*The revised Canada Health Transfer formula anticipates the future share of the federal government will drop to 14% by 2037, further reducing the amount available to provincial and territorial governments for other program expenditures."

"This report's findings confirm that funding future health care expenditures will be challenging for provincial and territorial governments even if the CHT remains unchanged."-Gary Walters, member of the report's Project Oversight Group.

Which brings me to the article I first spotted in the Kelowna Daily Courier a few weeks ago regarding the plans of the Westbank First Nations to build a 100 bed private hospital. The first phase would include 10 operating rooms and full lab and diagnostic services. Tentatively called the "Lake Okanagan Wellness Clinic", it would use public funds to treat aboriginal people but would also treat Canadians paying out of pocket including joint replacement surgery and cosmetic surgery.

There are also plans to conduct research into diabetes and heart disease and "treat people long-distance using closed-circuit TV".

The National Post reported on this exciting health care development in the last few days and so far I have not heard any vociferous backlash from DoctorsforMedicare or Friends of Medicare or other loud union-backed groups that prefer to support creating and maintaining dependency on a health care system unable to meet the overall demand for care.

Perhaps by defining the problem in health care as an overwhelming dependency on an overburdened public health care system we can move to truly innovative solutions that create more opportunity for care, strengthen initiative and support truly vulnerable populations.

I am hopeful.

Once again, thank you for your support over the years and for your ongoing participation in this important health care dialogue. I truly value my contributors.

Thank you.


Big Data Consequences

Health Informatics and Data Analytics are burgeoning fields following on the footsteps of ehealth efforts. Big Data is now touted as the solution to solving health care costs by mining for numbers and patterns. Some influential people believe that the "Watsonization" of health care is also at hand whereby computers will diagnose the disease or advise on next steps.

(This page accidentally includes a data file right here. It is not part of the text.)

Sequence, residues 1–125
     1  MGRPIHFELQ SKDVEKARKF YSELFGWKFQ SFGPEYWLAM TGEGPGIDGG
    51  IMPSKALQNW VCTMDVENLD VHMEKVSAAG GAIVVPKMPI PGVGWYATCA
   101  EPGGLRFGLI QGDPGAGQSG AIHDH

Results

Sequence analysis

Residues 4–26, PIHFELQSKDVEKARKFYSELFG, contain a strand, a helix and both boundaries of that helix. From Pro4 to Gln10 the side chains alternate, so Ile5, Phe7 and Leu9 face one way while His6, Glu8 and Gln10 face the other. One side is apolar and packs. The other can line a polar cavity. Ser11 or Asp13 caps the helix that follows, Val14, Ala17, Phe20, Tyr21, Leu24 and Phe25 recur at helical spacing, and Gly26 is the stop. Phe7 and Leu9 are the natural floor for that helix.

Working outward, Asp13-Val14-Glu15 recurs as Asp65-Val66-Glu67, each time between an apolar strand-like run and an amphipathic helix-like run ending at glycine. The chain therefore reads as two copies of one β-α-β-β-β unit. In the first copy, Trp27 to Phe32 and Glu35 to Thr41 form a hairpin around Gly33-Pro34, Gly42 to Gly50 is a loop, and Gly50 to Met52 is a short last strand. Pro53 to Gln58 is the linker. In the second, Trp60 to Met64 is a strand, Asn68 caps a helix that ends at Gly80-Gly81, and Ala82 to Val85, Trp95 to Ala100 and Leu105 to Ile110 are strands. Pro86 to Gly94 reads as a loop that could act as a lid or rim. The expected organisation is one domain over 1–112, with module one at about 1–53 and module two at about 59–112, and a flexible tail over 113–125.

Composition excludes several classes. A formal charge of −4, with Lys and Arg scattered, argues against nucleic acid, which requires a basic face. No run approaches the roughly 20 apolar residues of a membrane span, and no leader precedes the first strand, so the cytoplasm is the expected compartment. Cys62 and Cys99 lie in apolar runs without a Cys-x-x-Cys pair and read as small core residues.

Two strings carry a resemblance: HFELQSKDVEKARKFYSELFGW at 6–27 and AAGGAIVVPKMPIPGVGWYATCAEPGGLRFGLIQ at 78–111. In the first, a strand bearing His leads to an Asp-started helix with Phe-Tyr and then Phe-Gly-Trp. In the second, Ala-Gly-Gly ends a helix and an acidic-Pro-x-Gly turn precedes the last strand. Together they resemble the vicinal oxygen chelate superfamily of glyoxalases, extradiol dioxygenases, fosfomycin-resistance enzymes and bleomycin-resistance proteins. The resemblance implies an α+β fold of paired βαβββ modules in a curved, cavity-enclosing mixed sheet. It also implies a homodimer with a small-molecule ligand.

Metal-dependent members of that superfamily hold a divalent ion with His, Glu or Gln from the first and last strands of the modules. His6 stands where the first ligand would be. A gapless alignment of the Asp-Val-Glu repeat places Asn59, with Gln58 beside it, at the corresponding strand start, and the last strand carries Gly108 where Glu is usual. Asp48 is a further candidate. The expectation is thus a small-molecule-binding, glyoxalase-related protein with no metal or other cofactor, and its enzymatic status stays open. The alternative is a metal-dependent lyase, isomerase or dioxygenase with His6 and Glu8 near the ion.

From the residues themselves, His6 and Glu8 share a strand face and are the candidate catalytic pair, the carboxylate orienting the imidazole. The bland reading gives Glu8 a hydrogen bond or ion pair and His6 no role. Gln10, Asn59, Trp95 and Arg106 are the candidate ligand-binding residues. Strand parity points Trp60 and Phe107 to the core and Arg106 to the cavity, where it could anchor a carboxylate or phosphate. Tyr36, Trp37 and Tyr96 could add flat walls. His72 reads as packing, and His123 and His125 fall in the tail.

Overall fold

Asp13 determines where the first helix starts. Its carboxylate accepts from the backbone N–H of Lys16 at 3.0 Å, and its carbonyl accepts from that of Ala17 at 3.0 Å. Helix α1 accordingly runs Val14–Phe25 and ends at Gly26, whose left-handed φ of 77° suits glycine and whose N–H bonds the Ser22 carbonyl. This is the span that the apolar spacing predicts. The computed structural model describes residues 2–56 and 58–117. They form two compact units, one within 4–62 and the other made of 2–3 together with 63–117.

I can't help think of how the car industry has evolved from mechanics to computer identification as to why the dashboard is flashing various lights....problem is that patients aren't cars or widgets with replaceable mother boards. They are a complex combination of emotional, psychological, physiological matter held together with bones and flesh. And our brains...way more than grey and white matter with some synapsing neurons and a few sulci.

As always the devil is in the details and at a time when clear communication and positive relationships are acknowledged as key to patient well being and patient satisfaction, efforts are in full swing to mine for data from health records or any other data that various networks and health systems can get their hands on.

Whether it is analysis of care coordination, readmissions or even medication compliance we should acknowledge upfront that numbers don't tell the whole story. Human behaviour is as complex as our physiology and when we combine the complexity of providers with the complexity of patients and the complexity of our environments we have something that even Big Data  cannot fully elucidate.

For providers it means a system of payment more focused on generating data that can be tied to funding either positive or more likely negative as economies fail to grow.

As provider funding is tied to data and generating patient indices or outcomes deemed "positive", expect a greater attempt by providers to choose more optimum practice locations or select patient populations. The law of unintended consequences will be in full swing.

When governments tie financial incentives to patient selection for various kinds of care including the murky "end of life care", we can expect Liverpool Care Pathway type events to occur.

Providers incented to select patients for end of life pathways and hospitals provided with funding to deny patients care is not a recipe for trust.

Who will the patient trust to give them medical advice on their care when the physician or nurse or other is conflicted in their attempt to preserve the system or limit care?

How do we ration based on evidence or quality or value when there are so many unknowns?

When do we determine that a patient should have an "end of life discussion"?

Why does any decision-maker in health care believe that Big Data can take the place of the relationships that humans seem to need so deeply?

When will the public and patients come to the realization of the risks inherent in the sharing of their personal data for government rationing efforts?